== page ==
Broker-dealers are subject to various ongoing compliance obligations, including:
Minimum net capital
Broker-dealers must maintain minimum amounts of liquid assets, or net capital. The required minimum net capital level is based upon the type of securities activities conduct by the broker-dealer and certain financial ratios. Broker-dealers that do not clear and carry customer accounts can operate with lower levels of net capital.
Customer protection rule
Rule 15c3-3 under the 1934 Act is designed to protect customer funds and securities held by broker-dealers. The rule requires a broker-dealer to have possession or control of all fully-paid or excess margin securities held for the account of customers. The broker-dealer must periodically determine how much money it is holding that is either customer money or obtained from the use of customer securities. If this amount exceeds the amount that it is owed by customers or by other broker-dealers relating to customer transactions, the broker-dealer must deposit the excess into a special reserve bank account for the exclusive benefit of customers.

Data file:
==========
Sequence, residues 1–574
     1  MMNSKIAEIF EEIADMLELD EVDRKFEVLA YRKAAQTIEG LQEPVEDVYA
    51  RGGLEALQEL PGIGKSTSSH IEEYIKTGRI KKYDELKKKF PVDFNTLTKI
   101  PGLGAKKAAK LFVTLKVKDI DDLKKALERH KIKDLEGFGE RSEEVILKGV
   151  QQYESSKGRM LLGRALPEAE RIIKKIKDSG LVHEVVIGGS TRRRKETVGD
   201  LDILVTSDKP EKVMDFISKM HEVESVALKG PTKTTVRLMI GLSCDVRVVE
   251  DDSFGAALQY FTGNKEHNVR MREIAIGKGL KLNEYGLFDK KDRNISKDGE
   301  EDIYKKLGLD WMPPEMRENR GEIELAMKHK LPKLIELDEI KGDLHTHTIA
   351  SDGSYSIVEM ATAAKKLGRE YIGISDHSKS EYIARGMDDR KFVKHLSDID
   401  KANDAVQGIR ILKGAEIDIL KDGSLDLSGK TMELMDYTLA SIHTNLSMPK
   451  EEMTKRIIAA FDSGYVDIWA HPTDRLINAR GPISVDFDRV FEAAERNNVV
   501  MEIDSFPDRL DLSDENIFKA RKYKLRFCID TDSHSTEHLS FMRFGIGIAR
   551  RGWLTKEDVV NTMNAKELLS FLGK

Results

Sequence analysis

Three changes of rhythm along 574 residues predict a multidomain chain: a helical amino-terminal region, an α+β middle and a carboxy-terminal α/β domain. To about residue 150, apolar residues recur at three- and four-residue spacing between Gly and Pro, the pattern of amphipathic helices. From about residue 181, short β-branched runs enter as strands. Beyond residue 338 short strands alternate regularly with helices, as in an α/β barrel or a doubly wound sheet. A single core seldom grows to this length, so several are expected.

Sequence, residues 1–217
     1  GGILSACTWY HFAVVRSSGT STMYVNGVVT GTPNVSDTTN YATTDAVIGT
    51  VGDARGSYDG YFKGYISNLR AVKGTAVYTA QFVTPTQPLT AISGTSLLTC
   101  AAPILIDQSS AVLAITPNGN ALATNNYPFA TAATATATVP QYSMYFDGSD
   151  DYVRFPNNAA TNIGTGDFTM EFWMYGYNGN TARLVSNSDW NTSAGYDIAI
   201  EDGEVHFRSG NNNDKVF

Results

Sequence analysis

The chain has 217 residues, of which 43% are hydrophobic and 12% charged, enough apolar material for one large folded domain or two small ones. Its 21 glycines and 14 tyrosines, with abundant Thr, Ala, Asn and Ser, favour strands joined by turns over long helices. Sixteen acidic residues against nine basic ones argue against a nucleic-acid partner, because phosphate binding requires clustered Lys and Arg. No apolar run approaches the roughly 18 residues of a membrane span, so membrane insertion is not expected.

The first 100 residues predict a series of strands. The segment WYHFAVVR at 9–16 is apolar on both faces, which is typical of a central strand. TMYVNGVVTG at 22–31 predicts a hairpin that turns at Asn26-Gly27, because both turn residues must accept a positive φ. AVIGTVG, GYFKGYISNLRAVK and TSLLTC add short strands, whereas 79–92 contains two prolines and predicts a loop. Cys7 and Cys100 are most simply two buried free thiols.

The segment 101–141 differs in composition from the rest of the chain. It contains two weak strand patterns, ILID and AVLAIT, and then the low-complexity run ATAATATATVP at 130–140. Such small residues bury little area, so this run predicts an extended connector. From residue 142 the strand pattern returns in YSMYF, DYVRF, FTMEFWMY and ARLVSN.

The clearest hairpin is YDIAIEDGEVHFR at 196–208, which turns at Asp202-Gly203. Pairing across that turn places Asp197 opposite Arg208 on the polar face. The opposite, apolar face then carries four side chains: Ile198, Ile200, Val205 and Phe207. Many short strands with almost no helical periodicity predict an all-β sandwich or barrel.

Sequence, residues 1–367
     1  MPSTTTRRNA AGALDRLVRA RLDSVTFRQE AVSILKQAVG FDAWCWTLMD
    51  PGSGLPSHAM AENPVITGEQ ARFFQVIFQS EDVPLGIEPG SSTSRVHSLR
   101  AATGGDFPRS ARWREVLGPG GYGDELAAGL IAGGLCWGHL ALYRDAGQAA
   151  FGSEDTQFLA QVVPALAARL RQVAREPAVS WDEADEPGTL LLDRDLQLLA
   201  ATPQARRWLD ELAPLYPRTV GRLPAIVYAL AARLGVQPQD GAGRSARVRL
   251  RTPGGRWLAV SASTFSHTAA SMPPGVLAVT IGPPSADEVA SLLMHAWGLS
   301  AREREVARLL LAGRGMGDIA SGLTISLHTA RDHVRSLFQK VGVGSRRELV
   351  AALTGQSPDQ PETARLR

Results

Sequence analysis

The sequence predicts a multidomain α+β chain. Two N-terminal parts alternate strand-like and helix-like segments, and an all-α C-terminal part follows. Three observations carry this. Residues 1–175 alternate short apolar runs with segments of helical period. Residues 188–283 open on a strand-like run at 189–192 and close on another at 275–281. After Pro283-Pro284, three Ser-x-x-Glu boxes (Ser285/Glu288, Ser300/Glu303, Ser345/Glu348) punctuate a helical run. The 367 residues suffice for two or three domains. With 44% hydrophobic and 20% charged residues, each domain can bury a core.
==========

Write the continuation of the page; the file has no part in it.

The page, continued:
Broker-dealers must make and keep current books and records detailing, among other things, securities transactions, money balances, and securities positions. They also must keep records for required periods and furnish copies of those records to the SEC on request. These records include e-mail.
Broker-dealers must file quarterly and annual financial statements with the SEC. Broker-dealers must also notify the SEC regarding net capital, recordkeeping, and other operational problems.
Broker-dealers are generally prohibited from providing personal information about a customer to a third party unless they provide the customer with an initial and annual “privacy notice” giving him or her the opportunity to withhold consent to the sharing of the information.